Seven years ago, William Ayers, the Weather Underground bomber-turned-leftish education scholar, published a memoir of his criminal career and embarked upon one of the most damaging promotional tours in literary history. He sat for a profile in Chicago magazine, then stood up to dance on an American flag as a photographer clicked away. He told the New York Times that he didn’t regret setting bombs, in an interview that landed on doorsteps the morning of September 11.
Ayers’s book, a solipsistic yawner, became a bit of a sensation. The liberals who remembered what he and the Weather Underground did got understandably worked up. When Ayers arrived at a reading in Evanston, Illinois, one of those liberals confronted him about it.
“I personally spent all of 1972 working all day and all night to elect George McGovern,” the former activist said, “and I will tell you that your tactics made it harder to vote the Richard Nixons out of office.”
“I’m not going to disagree,” Ayers said, disagreeing with him. “The American people did vote, three times, to end the war. We voted for Johnson because Goldwater had his finger on the trigger… and then we voted for Nixon as the anti-war candidate, and he also escalated it. It would be a big stretch to say that the left brought McGovern down.”
WELL, NOT THAT BIG of a stretch. The Weathermen make several appearances in Rick Perlstein’s Nixonland: The Rise of a President and the Fracturing of America. They are the ultimate examples of left-wingers who crippled their cause with violence, overreaction, and a general need to frighten Middle Americans.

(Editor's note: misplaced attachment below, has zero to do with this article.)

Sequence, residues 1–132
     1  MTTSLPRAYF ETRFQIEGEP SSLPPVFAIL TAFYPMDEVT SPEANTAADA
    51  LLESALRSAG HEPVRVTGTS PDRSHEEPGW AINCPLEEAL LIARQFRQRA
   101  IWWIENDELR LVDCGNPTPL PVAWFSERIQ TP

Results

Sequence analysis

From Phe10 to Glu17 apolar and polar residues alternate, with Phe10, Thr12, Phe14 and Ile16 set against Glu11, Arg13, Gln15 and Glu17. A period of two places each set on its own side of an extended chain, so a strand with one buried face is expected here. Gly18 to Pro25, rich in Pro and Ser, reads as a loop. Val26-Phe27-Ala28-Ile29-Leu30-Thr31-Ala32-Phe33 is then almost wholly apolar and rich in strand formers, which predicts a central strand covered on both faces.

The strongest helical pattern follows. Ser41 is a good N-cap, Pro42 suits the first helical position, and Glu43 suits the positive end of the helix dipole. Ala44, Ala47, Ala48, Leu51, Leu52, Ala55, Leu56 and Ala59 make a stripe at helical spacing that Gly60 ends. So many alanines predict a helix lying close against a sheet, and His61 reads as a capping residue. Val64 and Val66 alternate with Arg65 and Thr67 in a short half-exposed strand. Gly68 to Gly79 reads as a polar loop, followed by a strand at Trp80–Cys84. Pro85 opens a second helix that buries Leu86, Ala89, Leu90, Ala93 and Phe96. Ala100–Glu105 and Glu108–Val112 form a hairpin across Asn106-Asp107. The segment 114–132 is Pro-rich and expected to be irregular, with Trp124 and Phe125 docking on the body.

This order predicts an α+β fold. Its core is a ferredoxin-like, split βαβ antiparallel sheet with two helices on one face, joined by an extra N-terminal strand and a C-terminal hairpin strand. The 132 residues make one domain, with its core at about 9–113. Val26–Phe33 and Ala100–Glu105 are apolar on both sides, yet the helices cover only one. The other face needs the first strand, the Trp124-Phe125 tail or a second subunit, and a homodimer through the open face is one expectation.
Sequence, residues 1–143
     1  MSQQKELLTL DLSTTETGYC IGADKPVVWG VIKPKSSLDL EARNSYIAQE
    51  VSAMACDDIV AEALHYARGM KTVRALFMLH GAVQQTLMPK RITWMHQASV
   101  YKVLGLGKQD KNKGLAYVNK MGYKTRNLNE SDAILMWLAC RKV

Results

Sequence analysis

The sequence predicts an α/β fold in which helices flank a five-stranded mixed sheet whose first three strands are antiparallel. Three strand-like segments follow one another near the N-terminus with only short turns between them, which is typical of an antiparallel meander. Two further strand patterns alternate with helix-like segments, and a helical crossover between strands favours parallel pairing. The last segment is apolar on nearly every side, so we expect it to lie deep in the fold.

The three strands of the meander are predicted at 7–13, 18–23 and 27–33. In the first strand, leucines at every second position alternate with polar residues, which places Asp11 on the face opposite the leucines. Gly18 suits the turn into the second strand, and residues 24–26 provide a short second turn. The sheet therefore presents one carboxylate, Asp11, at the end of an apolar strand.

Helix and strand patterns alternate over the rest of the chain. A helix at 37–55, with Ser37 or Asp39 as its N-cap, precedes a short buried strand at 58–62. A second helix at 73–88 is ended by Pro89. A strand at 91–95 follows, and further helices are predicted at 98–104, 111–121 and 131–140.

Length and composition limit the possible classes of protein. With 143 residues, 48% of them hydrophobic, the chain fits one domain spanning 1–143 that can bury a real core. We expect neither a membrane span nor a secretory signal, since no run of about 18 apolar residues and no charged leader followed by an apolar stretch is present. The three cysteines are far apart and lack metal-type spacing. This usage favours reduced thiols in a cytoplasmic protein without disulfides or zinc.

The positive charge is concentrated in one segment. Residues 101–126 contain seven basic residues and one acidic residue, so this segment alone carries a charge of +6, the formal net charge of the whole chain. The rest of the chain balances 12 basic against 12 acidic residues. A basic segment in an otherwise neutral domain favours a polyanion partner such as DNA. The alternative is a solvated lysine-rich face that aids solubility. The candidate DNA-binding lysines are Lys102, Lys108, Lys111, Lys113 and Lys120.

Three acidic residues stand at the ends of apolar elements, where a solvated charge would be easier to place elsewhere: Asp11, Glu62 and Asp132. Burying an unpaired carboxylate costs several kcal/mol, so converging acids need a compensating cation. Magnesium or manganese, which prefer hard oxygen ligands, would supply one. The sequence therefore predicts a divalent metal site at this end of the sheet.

Take one example from early 1971. The U.S. Senate was responding to the Army’s scandalous abuse of spying, against such hot targets as Arlo Guthrie and Adlai Stevenson III, and civil libertarians had the upper hand. But the Weathermen had just bombed the Capitol building, giving Nebraska Republican Roman Hruska a ladder onto the moral high ground when he defended the spying.
“The people,” Hruska said, “must receive every protection possible against those elements who consider even the United States Capitol Building as a legitimate object of their violence.”
Perlstein, a man of the left who has accused George W. Bush of “stealing our democratic birthright,” is also America’s best living historian of the conservative movement.
A man of faith in a godless age is hitting Americans where it hurts.
Mr. and Mrs. American Spectator Reader, let P.J. O’Rourke talk sense to your kids.
In Britain, defending your property can get you life.
The debacle of this president’s administration is both a cause and a symptom of the decline of American values. Unless Congress impeaches him, that decline will go on unchecked. An eminent jurist surveys the damage and assesses the chances for the recovery of our culture.
It won’t take long for conservatives to scratch this presidential wannabe off their 2008 scorecard.
The American Christmas, like the songs that celebrate it, makes room for everybody under the rainbow. Is that why so many people seem to be hostile to it?
Was the President done in by the economy, or by the politics of the economy?